John Penn and Son

Marine engineers,
Ship engines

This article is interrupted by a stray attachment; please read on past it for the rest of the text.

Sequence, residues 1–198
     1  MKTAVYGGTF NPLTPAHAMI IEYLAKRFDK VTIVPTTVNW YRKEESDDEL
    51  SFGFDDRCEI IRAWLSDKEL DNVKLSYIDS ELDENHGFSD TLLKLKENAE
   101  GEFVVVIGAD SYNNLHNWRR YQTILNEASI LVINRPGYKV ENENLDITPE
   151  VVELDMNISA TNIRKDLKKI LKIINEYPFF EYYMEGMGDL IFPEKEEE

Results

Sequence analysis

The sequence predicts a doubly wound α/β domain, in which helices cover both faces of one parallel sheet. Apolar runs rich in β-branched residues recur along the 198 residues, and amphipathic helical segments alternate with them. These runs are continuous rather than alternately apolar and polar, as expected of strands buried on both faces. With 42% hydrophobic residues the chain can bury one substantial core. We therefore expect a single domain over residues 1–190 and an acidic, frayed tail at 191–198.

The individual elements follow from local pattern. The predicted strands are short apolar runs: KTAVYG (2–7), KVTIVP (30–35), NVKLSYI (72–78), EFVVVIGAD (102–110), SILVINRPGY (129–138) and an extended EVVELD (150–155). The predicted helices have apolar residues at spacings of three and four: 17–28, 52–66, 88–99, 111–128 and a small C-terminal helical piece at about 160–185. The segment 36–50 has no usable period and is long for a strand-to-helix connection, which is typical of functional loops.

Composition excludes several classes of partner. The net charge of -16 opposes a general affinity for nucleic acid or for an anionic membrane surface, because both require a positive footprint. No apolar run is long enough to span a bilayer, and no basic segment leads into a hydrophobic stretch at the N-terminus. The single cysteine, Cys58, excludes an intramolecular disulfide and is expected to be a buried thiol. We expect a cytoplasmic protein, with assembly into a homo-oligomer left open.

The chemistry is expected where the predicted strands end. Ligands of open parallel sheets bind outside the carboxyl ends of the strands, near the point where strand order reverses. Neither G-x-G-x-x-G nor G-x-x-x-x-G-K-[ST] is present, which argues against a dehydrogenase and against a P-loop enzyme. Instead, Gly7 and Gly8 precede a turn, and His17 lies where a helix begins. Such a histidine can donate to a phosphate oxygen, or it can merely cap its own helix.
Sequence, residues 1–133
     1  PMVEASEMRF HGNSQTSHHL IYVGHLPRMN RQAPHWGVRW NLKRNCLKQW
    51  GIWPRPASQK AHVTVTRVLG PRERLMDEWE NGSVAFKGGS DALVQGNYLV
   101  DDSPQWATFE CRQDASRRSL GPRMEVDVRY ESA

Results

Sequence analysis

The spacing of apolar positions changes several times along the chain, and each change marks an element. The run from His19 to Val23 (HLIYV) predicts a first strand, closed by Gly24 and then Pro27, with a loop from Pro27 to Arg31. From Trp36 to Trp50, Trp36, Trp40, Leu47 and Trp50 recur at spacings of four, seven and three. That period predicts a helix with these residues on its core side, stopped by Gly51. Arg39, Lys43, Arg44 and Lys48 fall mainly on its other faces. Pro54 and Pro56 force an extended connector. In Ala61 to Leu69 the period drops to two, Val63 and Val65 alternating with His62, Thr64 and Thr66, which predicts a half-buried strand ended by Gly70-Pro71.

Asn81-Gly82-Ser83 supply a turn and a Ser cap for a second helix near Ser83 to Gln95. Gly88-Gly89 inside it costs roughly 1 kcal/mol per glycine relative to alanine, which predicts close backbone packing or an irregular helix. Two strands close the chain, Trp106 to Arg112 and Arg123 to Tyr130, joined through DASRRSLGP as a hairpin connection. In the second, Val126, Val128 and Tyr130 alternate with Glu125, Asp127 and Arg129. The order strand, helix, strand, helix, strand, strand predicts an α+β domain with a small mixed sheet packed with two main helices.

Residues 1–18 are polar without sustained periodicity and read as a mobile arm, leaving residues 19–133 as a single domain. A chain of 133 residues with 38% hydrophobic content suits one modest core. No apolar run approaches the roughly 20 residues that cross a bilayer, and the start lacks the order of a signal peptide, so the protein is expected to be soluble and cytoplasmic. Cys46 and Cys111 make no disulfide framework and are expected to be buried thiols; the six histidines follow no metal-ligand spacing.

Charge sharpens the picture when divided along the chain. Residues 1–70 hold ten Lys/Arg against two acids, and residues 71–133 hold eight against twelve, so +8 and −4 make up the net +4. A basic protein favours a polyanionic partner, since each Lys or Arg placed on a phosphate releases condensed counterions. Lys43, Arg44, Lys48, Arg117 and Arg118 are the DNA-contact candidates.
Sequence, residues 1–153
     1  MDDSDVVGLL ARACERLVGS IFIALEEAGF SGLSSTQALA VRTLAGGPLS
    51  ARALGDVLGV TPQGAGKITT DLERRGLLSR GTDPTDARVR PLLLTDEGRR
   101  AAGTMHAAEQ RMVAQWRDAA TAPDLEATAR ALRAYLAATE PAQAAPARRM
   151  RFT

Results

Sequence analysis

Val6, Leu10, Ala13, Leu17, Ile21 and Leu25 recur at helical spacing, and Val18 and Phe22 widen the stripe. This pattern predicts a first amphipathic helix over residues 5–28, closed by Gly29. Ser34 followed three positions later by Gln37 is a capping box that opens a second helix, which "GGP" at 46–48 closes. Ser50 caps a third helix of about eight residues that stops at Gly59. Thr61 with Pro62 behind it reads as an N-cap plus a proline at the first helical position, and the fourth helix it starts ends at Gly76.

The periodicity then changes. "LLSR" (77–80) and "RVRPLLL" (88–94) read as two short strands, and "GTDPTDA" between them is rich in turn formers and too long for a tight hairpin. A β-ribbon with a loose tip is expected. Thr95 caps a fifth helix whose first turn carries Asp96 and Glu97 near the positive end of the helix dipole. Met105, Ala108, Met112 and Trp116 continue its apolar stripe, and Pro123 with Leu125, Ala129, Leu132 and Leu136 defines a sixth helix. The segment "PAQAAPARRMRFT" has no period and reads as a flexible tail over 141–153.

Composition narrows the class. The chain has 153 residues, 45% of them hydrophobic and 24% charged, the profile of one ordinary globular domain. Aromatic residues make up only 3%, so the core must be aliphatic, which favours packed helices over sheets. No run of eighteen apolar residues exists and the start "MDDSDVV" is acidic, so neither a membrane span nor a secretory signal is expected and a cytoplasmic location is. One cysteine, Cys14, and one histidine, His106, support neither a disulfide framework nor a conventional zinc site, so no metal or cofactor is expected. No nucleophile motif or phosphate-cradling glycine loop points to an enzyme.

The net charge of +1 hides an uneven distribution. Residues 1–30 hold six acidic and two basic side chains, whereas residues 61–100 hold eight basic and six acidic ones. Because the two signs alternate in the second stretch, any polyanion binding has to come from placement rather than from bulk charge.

1800 - John Penn (1770-1843) began in business on his own account at Greenwich, where he soon became known as a millwright, especially for flour mills. 1818 - the treadmill for prisons, designed by William Cubitt was first executed at John Penn’s works. 1825 - marine engineering started at Greenwich. 1833 - began to make marine engines with oscillating cylinders, first fitted to paddle-boats which plied between London and Richmond. 1843 - commissioned to make oscillating engines for the Phoenix of 260 h.p. 1851 - award at the Great Exhibition. 1852 - refitted the SS Great Britain with oscillating engines of 500 h.p. which gave the vessel substantial capacity for speed. 1872 - John Penn (1805-1878) took his two elder sons into the partnership, and retired from the more active duties of the business. 1875 - built the engine for the Royal Italian Government single-screw composite corvette, Cristoforo Colombo. 1879 - built the engine for the PS Empress for Cosens and Co of Weymouth. 1898 - built a horizontal engine with gear drive for Metropolitan Water Board (West Wickham Station). 1899 - acquired by Thames iron Works but continued to operate under own name. 1912 - company closed.